When I tell a friend or family member, “I saw the cutest naked cake on Pinterest,” I’m usually met with quizzical looks.
“What’s a naked cake?” they ask. My reply is usually the description of a multi layered cake with either a minimal to no coat of icing on it, typically decorated with fruit and or flowers and some kind of filling.
Still I’m met with dumbfounded looks of them trying to picture what I am talking about. Pulling out my phone, I show them a picture.
Their eyes get big and and their mouths open wide. “Ooohhh… yeah,” they say, “I’ve seen those. I didn’t know it was called a naked cake.”
Yes, it’s a naked cake. No signs of fondant or buttercream covering up the entire cake. We get to see the cake in its natural state. A yummy, fluffy, and airy cake with sweet and smooth filling.
There are two kinds of naked cakes, naked and semi-naked.
The simplistic naked naked cake showcases just the cake, generally white or yellow but can be any other color and flavoring. It is layered and filled commonly with buttercream and decorated with fresh fruit; berries are the fan favorite because they don’t need to be cut and they look gorgeous whole. Flowers and herbs also adorn many of these exposed cakes; edible flowers are ideal but not always the choice. To finish off, each cake is lightly dusted with powdered sugar.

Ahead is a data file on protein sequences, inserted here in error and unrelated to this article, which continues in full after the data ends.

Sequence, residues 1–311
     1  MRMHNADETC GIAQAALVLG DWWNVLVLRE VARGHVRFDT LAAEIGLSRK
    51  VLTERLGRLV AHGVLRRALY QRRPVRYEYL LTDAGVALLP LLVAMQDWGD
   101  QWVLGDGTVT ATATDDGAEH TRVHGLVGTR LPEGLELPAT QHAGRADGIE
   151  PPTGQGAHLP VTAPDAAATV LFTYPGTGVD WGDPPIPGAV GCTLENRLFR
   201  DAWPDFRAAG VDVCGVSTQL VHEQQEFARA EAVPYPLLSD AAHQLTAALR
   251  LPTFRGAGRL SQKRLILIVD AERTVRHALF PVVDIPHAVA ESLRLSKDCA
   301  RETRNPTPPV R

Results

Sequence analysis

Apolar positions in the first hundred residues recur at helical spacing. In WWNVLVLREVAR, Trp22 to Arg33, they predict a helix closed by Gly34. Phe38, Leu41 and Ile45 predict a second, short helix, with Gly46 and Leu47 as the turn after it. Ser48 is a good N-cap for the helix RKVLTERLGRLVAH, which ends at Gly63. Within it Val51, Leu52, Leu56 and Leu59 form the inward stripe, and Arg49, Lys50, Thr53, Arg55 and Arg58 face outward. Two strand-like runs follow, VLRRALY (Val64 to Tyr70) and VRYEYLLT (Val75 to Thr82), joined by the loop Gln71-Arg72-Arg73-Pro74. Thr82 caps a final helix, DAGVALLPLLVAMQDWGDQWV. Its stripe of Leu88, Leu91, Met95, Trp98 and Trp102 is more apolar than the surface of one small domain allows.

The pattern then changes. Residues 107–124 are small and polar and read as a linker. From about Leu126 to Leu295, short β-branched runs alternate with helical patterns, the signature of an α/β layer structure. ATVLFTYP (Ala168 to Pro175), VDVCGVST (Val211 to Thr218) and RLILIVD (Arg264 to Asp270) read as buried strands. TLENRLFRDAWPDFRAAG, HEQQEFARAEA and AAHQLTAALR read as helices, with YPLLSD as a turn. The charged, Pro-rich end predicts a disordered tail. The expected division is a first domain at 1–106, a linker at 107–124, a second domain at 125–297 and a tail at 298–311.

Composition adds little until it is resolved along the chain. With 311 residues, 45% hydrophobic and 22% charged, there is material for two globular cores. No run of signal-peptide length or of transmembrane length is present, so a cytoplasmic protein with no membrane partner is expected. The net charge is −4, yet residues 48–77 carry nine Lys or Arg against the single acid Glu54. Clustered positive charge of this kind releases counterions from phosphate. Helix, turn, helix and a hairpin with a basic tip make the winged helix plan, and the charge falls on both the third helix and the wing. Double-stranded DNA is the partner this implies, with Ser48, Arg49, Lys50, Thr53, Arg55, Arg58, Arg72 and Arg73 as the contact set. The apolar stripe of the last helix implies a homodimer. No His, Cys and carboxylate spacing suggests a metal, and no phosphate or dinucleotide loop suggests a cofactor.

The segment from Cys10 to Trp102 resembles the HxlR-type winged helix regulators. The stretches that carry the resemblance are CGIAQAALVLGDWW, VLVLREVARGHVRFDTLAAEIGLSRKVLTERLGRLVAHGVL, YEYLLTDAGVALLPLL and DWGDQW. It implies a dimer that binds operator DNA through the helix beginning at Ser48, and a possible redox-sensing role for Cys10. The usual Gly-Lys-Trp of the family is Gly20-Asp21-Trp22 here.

Now let’s talk about the semi-naked cake. This kind of cake receives a minimal coat of frosting, usually described by cake bakers as a “crumb coat.” That usually goes on before fondant or more buttercream is added to hold in any crumbs that could potentially come off while trying to decorate it.
Through the crumb coat the cake and filling are slightly in view, resembling the affect of swiping a paint brush on a canvas with only one stroke where the lines are not defined but blurred.
A naked cake doesn’t always need to be simply decorated with fruit and flowers. Bakers have started glazing the tops, letting the glaze run down the sides in long soft drips adding effect and texture. Another texture technique done is piping buttercream in intricate scroll work over the cake. This adds beauty and detail to the already-bare cake.
One of the benefits of making or buying a naked cake is that they can be cheaper than buying a cake that is completely covered in buttercream or fondant.
Buttercream also tends to melt quicker. Purchasing a naked cake will ensure the cake will stay intact longer in the warmer months.
Naked cakes aren’t necessarily a new idea but they have become widely popular. Going naked on a bride’s wedding day isn’t always a good idea but when it comes to cake, it might not be a bad idea.
Written by Angel Hugs, OCI Baking & Pastry Graduate